The plummeting and unstable oil price has been a major disruptor to international and national oil companies as well as governments of oil-rich countries. There has been a major shift towards developing and implementing sustainable cost-reduction strategies in order to survive the low oil price.
Africa has become a significant player in the oil and gas industry over the last 10 years with research showing that the continent’s contribution to global crude production has trended between 9.4% and 12.1% over the last 5 years. Similarly, Africa’s share of global gas production has been between 6% and 7% over the same period.
The concept of localisation has been promoted by governments of resource-rich countries as a means for capacity building, human capital growth, supply chain development and partnership with local organisations.
Local content pertains to compliance – many countries have local content laws that require foreign companies to use a certain amount of local labour, materials and services in their processes.
Localisation, on the other hand, focuses more on capacity building – in human capital growth, supply chain development and partnership with local organisations and businesses for talent and infrastructure development. Accordingly, localisation may be seen as a strategy, not just a requirement. In contrast to local content, localisation is powerful in that it enables growth in the communities in which companies operate, while potentially increasing productivity and reducing long-term cost
The old paradigm of simply doing the bare minimum to comply with local legislation in order to obtain an operating licence is no longer sufficient to achieve long-term operational stability. Multinationals need a regulatory licence as well as a socio-economic licence in order to operate in many countries on the continent. Without the goodwill of local communities and their governments, multinational firms simply cannot be certain of the long-term sustainability of their investments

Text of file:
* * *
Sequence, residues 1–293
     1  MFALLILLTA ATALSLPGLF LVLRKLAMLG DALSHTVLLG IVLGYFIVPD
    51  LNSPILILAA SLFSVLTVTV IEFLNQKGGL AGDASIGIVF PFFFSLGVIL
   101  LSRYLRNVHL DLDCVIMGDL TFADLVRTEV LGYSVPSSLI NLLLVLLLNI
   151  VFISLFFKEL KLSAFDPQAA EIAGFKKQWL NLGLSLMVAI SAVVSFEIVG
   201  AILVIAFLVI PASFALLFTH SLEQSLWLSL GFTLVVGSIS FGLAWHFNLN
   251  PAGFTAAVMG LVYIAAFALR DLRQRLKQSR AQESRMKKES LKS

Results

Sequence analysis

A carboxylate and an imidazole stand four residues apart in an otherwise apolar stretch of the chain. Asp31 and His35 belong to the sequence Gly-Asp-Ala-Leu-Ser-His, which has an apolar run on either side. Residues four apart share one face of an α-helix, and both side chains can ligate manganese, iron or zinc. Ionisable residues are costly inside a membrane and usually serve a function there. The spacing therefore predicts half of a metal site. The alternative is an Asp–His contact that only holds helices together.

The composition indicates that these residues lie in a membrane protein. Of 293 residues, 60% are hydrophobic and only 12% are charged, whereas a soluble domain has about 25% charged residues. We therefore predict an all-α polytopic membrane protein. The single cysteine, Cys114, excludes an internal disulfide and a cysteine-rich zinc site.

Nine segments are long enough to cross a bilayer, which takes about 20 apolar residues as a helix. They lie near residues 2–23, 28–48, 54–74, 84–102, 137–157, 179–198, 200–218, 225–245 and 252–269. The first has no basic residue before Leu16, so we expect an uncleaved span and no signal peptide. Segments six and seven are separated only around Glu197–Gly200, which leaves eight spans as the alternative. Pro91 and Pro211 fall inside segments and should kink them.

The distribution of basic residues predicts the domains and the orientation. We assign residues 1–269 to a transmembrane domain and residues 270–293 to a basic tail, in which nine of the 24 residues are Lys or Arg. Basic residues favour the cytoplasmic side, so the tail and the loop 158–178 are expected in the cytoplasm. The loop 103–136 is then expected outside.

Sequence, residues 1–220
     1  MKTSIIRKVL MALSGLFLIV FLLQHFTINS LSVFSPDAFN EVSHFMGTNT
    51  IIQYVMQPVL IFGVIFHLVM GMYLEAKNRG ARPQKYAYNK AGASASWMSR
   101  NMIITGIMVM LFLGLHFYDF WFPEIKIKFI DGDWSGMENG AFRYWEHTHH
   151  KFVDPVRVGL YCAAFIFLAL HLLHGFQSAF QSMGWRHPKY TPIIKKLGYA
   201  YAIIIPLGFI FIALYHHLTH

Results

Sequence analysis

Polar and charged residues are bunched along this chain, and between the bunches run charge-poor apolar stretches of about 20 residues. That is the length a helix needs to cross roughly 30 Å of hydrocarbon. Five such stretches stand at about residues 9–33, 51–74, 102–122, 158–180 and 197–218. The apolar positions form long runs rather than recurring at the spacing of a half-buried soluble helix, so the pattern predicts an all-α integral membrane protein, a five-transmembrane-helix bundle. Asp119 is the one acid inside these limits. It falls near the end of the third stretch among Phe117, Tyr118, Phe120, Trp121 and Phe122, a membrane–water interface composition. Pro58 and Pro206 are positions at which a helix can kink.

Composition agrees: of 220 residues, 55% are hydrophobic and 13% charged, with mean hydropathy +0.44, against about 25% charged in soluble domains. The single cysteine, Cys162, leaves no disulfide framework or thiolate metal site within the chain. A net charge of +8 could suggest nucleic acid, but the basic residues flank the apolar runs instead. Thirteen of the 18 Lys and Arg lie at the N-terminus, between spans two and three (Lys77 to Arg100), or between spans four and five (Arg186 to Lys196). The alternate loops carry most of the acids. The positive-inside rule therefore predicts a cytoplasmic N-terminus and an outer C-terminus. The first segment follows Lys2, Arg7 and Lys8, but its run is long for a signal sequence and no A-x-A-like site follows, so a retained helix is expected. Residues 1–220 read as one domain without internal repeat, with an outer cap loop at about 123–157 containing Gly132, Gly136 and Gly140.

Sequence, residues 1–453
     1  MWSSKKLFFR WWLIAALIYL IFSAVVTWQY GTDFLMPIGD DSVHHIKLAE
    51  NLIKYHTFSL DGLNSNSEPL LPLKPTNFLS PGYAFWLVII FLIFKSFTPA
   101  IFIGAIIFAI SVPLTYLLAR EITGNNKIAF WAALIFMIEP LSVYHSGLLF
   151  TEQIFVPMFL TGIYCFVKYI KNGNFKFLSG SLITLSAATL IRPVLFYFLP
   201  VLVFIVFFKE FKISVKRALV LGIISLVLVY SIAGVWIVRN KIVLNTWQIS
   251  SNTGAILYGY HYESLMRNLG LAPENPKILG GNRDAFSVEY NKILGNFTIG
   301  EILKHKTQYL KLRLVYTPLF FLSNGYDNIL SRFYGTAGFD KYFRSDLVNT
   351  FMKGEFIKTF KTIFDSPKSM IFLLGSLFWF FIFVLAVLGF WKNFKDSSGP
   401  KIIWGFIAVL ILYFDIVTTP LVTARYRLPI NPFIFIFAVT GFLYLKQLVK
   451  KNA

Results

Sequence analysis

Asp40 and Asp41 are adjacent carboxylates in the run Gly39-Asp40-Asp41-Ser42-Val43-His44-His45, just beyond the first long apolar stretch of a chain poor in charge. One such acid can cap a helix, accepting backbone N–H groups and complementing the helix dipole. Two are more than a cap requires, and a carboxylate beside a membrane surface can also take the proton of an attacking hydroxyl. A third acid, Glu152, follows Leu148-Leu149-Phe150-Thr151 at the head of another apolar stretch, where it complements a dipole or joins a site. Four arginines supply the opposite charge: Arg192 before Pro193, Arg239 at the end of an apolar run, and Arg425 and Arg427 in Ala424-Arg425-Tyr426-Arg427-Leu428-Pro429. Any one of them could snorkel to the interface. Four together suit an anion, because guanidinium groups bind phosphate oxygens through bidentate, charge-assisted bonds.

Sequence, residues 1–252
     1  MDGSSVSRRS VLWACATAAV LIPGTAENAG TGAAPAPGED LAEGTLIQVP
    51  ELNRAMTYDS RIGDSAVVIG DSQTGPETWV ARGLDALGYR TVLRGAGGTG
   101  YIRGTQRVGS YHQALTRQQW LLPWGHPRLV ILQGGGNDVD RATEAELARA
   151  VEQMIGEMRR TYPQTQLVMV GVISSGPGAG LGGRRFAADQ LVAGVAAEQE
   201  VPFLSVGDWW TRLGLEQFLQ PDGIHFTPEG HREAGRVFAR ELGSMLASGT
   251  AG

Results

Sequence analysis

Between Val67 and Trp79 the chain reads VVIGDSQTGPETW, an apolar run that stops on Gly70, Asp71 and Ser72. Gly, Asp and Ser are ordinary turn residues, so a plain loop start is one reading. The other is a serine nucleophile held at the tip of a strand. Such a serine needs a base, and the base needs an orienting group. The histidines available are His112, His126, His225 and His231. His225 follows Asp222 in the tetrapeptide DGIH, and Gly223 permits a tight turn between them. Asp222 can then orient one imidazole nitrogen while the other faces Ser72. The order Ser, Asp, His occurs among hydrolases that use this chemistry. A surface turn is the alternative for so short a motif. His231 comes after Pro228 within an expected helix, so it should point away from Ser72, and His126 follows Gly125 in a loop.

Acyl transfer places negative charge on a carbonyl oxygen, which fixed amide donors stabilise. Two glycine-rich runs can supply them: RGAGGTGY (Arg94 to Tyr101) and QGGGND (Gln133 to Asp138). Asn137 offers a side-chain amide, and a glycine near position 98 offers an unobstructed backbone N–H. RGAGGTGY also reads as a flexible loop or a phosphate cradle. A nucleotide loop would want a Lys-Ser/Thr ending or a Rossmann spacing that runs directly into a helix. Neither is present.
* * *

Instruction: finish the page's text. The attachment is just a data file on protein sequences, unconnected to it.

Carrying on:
Traditionally, local content programmes have been focused on job creation and up-skilling of workers only for the particular project, rather than taking a longer-term and broader view on education to uplift the entire community to better the workforce across the entire value chain. Existing local suppliers were traditionally utilised rather than taking a more mature approach to wider enterprise development to create new suppliers that compete across a number of industries. In other words, companies should look beyond local content and more towards localisation.
Given the immense potential that the African oil and gas industry holds, it is critical that all stakeholders be committed to sustainable local content development. Governments of oil-producing countries will continue to intensify enforcement of local content and localisation compliance on all IOCs. It is therefore vital for IOCs to differentiate themselves and to include in their strategies a focus on sharing their prosperity with the host country in a sustainable, mutually beneficial way.
In a recent report on Localisation in Africa’s oil and gas industry, we delve deeper into the concept of localisation and explore:
- Africa’s Oil & Gas potential
- The five elements of localisation
- Changing legislation in Africa
- Localisation and Stakeholder interactions
- Challenges and benefits of localisation
- What it takes to develop a successful localisation strategy
- Taking advantage of localisation as a result of long-term spend
- The way forward for localisation and local content
Strategy and Innovation